As your weight goes up, your endurance goes down. This is a non-negotiable fact of life, even if you’re fit and strong. We strongly encourage that you start with a target weight of no more than 20% of your bodyweight. As you start choosing items, look carefully at what they weigh.
We’re big on what we call “mobility” training.
Mobility is the ability to run, jump, climb, and fight in your equipment. Several members of ISG have lived under the rucks, both professionally and as citizens and we’ve had to maneuver and fight under the loads. If you can’t hop a fence, climb an 8′ wall, run a mile, and walk at least 6, your pack is too heavy for your level of fitness. Scale it back and start over.
Keep in mind that 20% added to your EDC can stack up fast. If you’re at 8% of your body weight for your EDC items, you can quickly be getting up around 30% of your body weight. Even if you’re fit and still mobile under that load, it will stress your body, increase the chances for injury, and costs you calories.
The Rule of Threes
Recall from “Understanding Emergencies” that a human can last 3 minutes without air, 3 hours without shelter, 3 days without water, and 3 weeks without food. These are a useful guide, not hard and fast rules, but what we really want to impress upon the reader is this:
Your backpack is your sustainment and should act as a wall between you and the Rule of 3’s. It should address the added pressures of the Type II emergency; security, physical health care, and acquisition.
The first thing your pack should be able to do is address the Rule of 3’s:
- Shelter: You need to stay dry and isothermal (your temperature isn’t going up or down much). To this end, lightweight tents, lean-to tarps, even 55 gallon trash bags can offer some means of expedient insulation. It’s worth noting that ground pads do an incredible job of insulating you from the cold ground, and they make your rest more productive. Small tents and ultra-lightweight equipment is more important than guns. You’ll use this stuff every night (if you get out and train) or if the worst happens. Don’t scoff at the price of ultra-lite kit if you have a $2500 AR.
- Water: You should have a way to both carry and purify water. There’s been a big push towards camelbak-type bladders in recent years. That’s cool, but if you rely on *only* a bladder, you’ll lack a convenient way to boil water. Nalgene bottles and military canteens can be had with metal cups, that provide you with both a way to drink that keeps your mouth off your bottles (a good way to keep bacteria from growing in your water source), and allows you to heat water to kill bacteria.When it comes to purifying, *get a water filter*. Water is a non-negotiable, frequent-use consumable. The rule of 3’s says 3 days, but if we’re being honest, the splitting headache and cramps you’ll get after 16 or so hours of exertion without hydration is going to make your last two days of life miserable.
- Food: The goal with food is to have a layered approach: Fast calories (Jerky, power bars, candy, etc), Meals (Mountain House, MRE, or similar, stripped), and a method to procure your own food (which requires skill). Our general thinking is “fish first”. Fish are high in nutrients, typically more plentiful than game and easier to trap. For killing small game, don’t overlook the slingshot. Everyone talks about .22’s, or hunting with their battle rifles, but ammo runs out… Rocks are free. Tackle and a slingshot are light, and don’t take up much space. Another step up is archery. Don’t overlook developing some skill with a bow.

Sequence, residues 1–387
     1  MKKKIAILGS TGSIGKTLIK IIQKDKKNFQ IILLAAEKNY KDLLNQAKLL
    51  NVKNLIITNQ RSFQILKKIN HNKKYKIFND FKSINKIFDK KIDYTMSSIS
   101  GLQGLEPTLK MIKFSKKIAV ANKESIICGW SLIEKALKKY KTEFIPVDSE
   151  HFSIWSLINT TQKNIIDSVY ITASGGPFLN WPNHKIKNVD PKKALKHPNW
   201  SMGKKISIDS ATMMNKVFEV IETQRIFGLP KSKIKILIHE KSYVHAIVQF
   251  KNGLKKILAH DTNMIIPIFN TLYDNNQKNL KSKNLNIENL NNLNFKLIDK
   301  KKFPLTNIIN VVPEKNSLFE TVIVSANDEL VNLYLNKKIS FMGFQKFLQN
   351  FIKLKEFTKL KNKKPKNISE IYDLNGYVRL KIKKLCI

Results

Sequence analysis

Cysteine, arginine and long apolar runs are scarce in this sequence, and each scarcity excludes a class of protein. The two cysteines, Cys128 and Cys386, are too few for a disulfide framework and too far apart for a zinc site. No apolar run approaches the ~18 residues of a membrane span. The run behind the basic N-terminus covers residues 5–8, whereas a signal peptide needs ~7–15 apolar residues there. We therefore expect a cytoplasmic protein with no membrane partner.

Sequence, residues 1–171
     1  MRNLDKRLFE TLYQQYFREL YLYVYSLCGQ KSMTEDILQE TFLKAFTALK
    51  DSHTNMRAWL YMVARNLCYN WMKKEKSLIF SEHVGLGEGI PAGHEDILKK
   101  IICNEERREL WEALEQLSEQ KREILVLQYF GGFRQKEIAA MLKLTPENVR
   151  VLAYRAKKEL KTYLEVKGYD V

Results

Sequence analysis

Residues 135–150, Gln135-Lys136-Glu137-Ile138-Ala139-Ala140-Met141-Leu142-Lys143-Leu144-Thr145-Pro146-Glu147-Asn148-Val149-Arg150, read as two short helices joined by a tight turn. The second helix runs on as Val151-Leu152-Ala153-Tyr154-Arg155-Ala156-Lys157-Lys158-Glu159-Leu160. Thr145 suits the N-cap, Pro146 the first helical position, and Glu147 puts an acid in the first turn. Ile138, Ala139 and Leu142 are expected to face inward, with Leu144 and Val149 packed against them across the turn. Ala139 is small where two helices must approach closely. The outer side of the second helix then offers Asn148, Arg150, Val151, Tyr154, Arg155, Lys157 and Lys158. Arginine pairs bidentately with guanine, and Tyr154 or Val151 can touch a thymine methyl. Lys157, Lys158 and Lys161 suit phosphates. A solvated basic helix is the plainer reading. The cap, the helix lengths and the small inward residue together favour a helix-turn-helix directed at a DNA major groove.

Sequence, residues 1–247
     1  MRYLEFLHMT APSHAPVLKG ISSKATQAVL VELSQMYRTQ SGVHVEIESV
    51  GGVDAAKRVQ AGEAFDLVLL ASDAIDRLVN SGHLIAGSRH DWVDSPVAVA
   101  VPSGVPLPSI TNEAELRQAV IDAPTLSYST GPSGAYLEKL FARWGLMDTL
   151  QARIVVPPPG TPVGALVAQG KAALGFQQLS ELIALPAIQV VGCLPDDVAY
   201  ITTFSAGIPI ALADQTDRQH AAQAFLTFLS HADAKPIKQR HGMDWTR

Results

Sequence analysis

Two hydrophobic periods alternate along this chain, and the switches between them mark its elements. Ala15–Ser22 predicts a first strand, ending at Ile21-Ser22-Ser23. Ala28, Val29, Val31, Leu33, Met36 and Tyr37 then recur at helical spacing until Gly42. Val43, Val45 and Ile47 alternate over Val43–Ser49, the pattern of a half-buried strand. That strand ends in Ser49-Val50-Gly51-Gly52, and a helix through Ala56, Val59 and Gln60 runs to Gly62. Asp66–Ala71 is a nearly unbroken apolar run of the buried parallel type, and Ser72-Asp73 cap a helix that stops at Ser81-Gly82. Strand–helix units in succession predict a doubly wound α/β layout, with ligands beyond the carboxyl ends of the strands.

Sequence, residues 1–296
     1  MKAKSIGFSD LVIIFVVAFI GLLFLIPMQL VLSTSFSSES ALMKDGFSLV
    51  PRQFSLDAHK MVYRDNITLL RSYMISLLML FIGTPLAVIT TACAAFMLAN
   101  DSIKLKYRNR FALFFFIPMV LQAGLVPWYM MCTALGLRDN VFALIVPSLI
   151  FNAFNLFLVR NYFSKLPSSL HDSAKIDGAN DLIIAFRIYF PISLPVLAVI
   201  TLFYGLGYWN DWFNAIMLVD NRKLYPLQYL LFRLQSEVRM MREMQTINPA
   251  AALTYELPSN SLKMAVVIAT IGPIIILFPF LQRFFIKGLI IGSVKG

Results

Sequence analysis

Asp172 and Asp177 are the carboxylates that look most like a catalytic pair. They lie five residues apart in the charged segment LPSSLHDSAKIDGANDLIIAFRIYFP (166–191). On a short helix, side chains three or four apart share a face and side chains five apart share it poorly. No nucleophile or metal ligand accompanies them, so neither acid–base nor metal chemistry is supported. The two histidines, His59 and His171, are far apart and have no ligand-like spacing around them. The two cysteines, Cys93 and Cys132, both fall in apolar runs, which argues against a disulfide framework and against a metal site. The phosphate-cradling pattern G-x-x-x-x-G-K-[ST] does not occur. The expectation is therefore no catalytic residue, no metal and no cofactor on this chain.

Hygiene and Medical
One of the most often neglected things we see in people’s bags is a way to clean their teeth, feet, and body. A pack of wet wipes isn’t enough; if you end up needing your pack to survive indefinitely (again, probably as a refugee), you absolutely will need to be concerned with lice, fleas, ticks, bites, and dental hygiene. We often forget, but the black plague killed a third of Europe, spread by the ubiquitous flea.
Have you thought about flea and tick repellant? Lice shampoo?
Another major concern when on the move is keeping your feet up. Even a reasonably short (15 mile or so) movement with a pack can leave your feet in rough shape if you’re not used to it. In inclement conditions in which people become reluctant to take their feet from their boots, immersion foot can occur (warning, graphic). Do you have Talcum powder to keep your feet dry? A few changes of socks?
A bed up off the ground and decent shelter can go a long way towards helping, but keep in mind that you’ll need a plan to keep disease to a minimum. In the extremely case of the Type III emergency, you can expect health and hygiene to play a major role in the die-off, if the event continues and compounds.
As we discuss in “Man’s Worst Enemy“, populations of scavengers and parasites increase, and populations of bacteria bloom in the wake of disaster, the indefinite timeline will challenge your resources. Add in a lack of sanitation for solid waste and cleaning methods, and the chances of diseases increases dramatically. Even hand sanitizer is going to leave some bacteria alive and heads up – the ones that survive eventually become the ones that reproduce.